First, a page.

- In addition, in its Resolution on the human rights situation in the Sahrawi Arab Democratic Republic, ACHPR/Res.340 (LVIII) adopted on 20 April 2016, the African Commission on Human and Peoples Rights (AFCHPR) reaffirmed “the relevant United Nations Resolutions recognizing the status of Non-Self-Governing Territories in Western Sahara, making them the subject of decolonization and calling for the holding of a free and fair referendum on the self-determination of Western Sahara”. The Commission further stressed the need to address the issues of the respect of human rights and the illegal exploitation of the territory’s natural resources.
- It will be recalled that in the 16th ordinary session of the Assembly of the Heads of State and Government of the African Union held in Addis Ababa in January 2011, the Heads of State and Government inspired by the shared Values embodied in the Constitutive Act of the African Union, which, amongst others, emphasise the significance of democratic governance, popular participation, the rule of law, human and peoples’ rights and sustainable socioeconomic development vide Assembly/AU/ Decl.1(XVI) committed themselves to enhancing efforts aimed at reinforcing a deeper understanding of Shared Values and their promotion and popularisation amongst the African peoples as a means of shaping Africa’s common future and mobilising the African peoples towards achieving the shared vision of continental integration and unity.
- The Assembly further urged all African peoples and stakeholders to take ownership of adopted Shared Values, through amongst others, providing resources and promoting these as a basis for enhancing African unity and integration.
- In view of the foregoing and taking into account African Union own core and fundamental values and the shared values it has committed itself to adopt and take ownership of, the observations and calls from the UN ECOSOCC and the ACHPR bring to fore the issue of eligibility of a State that is intending to join the African Union and to abide by the objects and purpose of the AU, when one of its fundamental shared values is the right to self-determination.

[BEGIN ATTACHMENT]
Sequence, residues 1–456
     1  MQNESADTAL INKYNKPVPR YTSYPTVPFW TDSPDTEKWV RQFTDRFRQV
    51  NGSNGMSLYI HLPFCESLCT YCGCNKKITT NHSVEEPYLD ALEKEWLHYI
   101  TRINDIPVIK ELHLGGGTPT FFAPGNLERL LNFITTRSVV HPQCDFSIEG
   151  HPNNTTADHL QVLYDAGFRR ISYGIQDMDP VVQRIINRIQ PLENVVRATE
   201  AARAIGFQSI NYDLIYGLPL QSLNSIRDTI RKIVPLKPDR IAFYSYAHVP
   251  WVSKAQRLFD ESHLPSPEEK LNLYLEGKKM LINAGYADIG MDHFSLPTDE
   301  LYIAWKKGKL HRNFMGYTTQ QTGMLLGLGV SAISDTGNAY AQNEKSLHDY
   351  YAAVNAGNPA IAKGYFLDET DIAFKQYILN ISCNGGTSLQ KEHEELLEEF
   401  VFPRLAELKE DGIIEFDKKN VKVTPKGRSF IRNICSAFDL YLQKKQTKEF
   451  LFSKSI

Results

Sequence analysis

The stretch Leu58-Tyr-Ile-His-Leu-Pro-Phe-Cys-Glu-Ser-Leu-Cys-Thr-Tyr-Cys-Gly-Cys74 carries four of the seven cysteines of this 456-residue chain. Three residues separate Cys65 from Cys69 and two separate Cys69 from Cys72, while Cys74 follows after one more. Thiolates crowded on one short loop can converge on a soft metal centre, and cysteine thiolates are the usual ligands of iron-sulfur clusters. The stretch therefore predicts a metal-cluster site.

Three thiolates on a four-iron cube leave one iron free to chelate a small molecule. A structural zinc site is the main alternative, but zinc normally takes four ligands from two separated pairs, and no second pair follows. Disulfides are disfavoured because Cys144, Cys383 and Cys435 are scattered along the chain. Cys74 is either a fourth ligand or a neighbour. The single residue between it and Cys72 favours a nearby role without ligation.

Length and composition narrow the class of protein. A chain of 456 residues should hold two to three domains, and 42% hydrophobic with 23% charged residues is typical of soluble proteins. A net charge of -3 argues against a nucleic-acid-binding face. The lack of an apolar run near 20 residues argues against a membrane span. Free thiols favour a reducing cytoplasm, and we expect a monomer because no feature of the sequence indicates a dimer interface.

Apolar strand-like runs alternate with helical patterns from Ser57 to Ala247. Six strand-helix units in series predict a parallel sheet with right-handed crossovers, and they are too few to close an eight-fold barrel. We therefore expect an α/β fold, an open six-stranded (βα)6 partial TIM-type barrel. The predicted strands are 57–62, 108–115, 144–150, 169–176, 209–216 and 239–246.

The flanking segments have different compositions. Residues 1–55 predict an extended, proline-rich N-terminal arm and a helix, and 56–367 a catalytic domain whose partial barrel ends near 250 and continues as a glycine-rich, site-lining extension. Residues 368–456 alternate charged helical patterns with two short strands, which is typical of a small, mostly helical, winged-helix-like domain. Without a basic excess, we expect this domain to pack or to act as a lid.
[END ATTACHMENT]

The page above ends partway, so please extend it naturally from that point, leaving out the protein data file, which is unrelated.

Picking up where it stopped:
- The foregoing, analysed in light of the Western Sahara situation, should be fully taken into account by Member States when making the decision on the admissibility of the request of the Kingdom of Morocco to join the Union.
- It is to be recalled that the OAU/AU has been calling for many years for the organisation of a referendum of self-determination in Western Sahara. For example, at its 19th ordinary session held in Addis Ababa on 12th June, 1983, the Assembly of Heads of State and Government of the OAU recalled with appreciation his Majesty King Hassan of Morocco’s solemn commitment to accept the holding of a referendum for self-determination of the people of Western Sahara to enable them exercise their right to self-determination.
- Subsequently, vide Resolution 690 (1991), the United Nations Security Council, decided to establish the United Nations Mission for the Referendum in Western Sahara (MINURSO) and expressed its full support for the efforts of the UN Secretary General for the organization and the supervision by the United Nations in cooperation with the OAU, of a referendum for self-determination of the people of Western Sahara. More recently, at its 22nd ordinary session held in Addis Ababa in January 2013, the Executive Council, vide Decision EX.CL/Dec.758 (XXII) endorsed by the Assembly, requested the Commission to take all the necessary measures for the organization of a referendum for self-determination of the people of Western Sahara in compliance with the relevant OAU/AU decisions and UN resolutions. However, the referendum has thus far not been held.